A house tour may be your first time entering a home that you’ll fall in love with and spend years in. The whole experience can be so exciting that you may not remember all the important questions you’ll want to ask.

Here’s a rundown of some of the questions to ask when touring a house.

11 General Questions To Ask on a House Tour

When you tour a home, it may be overwhelming. But the more you know, the better equipped you are to decide if the home is right for you.

“If you truly have an interest in a home on a house tour, any question is welcomed,” says Kristen Conti, broker-owner at Peacock Premier Properties in Englewood, Florida. “What drives Realtors and sellers alike crazy is when the buyer has no interest in the home but wants to ask a million questions.”

1. Why is the seller moving? 

If the seller is moving for work or other time-sensitive reasons, then you may secure a better deal on the home because they have a deadline. If the seller is moving because of issues with the home or neighborhood, that’s information you’ll want to know.

2. How long has the house been on the market?

If the house has been on the market for a while and the price has been reduced several times, you may have more leverage when it comes to your asking price. A house that’s been listed for too long also can be a warning sign of damage or other hazards.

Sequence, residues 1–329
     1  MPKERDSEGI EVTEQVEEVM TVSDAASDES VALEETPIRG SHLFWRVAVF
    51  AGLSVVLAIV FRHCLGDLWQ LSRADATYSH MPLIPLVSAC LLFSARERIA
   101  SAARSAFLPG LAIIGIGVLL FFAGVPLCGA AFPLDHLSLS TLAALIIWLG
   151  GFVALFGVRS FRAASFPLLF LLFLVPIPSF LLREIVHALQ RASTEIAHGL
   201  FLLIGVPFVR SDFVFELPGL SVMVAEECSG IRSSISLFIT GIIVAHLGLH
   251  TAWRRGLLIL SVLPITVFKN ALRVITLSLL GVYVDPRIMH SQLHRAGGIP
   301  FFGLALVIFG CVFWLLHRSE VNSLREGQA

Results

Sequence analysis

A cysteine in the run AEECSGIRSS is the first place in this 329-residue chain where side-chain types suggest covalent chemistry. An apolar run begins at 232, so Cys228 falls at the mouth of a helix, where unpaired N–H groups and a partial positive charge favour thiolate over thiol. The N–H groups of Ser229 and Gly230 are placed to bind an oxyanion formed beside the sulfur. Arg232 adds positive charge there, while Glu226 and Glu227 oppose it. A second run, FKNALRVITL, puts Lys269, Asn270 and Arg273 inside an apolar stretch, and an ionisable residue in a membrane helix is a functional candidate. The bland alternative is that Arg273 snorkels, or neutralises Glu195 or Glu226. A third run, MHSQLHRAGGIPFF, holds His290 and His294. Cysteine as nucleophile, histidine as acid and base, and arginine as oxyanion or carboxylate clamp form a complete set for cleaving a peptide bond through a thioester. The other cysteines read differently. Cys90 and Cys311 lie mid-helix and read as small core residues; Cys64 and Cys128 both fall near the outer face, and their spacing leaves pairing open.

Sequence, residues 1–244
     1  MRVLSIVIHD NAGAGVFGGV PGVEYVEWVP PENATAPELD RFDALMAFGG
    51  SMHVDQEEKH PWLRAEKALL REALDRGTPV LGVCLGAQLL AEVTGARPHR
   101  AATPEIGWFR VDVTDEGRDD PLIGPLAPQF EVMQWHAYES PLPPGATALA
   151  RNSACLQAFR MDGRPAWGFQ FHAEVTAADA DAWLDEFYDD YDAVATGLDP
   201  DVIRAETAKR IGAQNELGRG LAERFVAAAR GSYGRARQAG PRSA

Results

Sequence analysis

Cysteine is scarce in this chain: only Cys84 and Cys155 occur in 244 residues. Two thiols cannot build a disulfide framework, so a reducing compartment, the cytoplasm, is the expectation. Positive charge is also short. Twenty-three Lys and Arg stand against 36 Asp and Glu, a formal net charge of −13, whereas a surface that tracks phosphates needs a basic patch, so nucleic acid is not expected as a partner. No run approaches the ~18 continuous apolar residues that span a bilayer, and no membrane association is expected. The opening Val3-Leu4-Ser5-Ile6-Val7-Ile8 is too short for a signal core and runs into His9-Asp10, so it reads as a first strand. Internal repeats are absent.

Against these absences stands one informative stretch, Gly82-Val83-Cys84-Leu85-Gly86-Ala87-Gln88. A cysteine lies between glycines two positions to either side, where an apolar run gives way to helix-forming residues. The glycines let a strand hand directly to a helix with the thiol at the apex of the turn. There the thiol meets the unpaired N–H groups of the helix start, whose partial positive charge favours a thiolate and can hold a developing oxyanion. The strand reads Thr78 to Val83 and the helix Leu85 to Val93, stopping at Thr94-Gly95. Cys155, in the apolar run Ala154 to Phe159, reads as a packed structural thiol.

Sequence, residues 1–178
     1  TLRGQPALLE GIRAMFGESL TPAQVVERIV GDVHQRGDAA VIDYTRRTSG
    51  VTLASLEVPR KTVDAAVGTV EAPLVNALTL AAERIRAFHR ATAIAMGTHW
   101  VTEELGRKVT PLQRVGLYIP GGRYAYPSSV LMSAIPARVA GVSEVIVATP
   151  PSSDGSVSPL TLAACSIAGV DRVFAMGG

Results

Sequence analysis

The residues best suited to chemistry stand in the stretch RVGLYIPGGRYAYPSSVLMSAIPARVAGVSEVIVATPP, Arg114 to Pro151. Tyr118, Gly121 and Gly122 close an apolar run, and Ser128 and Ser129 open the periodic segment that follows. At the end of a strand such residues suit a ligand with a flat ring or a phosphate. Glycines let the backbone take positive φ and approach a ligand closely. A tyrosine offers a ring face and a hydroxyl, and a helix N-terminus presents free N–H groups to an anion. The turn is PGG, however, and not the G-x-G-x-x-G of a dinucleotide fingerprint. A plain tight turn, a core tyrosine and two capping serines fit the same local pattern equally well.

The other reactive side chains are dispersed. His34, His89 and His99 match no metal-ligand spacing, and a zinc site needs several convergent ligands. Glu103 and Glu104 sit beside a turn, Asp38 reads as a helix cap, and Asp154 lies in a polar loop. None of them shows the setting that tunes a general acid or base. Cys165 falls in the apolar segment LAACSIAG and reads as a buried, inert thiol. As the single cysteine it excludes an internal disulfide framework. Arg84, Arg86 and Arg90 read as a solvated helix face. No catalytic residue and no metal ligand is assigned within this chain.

3. What is included — or can be included — in the sale? 

Typically, the homeowners take all their belongings when they move out. However, if you have your eye on a piece of art or furniture, you can ask if the seller is willing to include it in the sale.

4. Is the seller open to negotiations? 

The listing price isn’t necessarily the amount that you’ll pay for it. In addition to negotiating the purchase price, you also can work with the seller to have them complete certain repairs or include contingencies in the purchase agreement.

5. Is there a homeowners association? 

An HOA is a private organization that manages a neighborhood or residential community. HOAs set certain rules and regulations and provide community services. It’s important to know if a home is a part of an HOA so you can decide if joining an HOA is worth it.

6. Are there any liens on the property?

Before you close on a home, there will be a title search to determine if there are past claims or liens against the property. For example, if there are unpaid property taxes or labor costs, you’ll want to know before you make a deal. 

7. Are the heating and cooling systems up to date? 

Inefficient heating, ventilating, and air conditioning systems can cause your utility bills to skyrocket. Ask how recent the HVAC system is, and how efficiently the home is heated and cooled. 

8. Are there any structural issues with the home? 

Issues with the foundation and structure of a home are costly and a safety hazard. However, these problems aren’t always obvious, so it’s good to confirm the structural integrity of the home.

9. Are there any unpermitted or DIY renovations?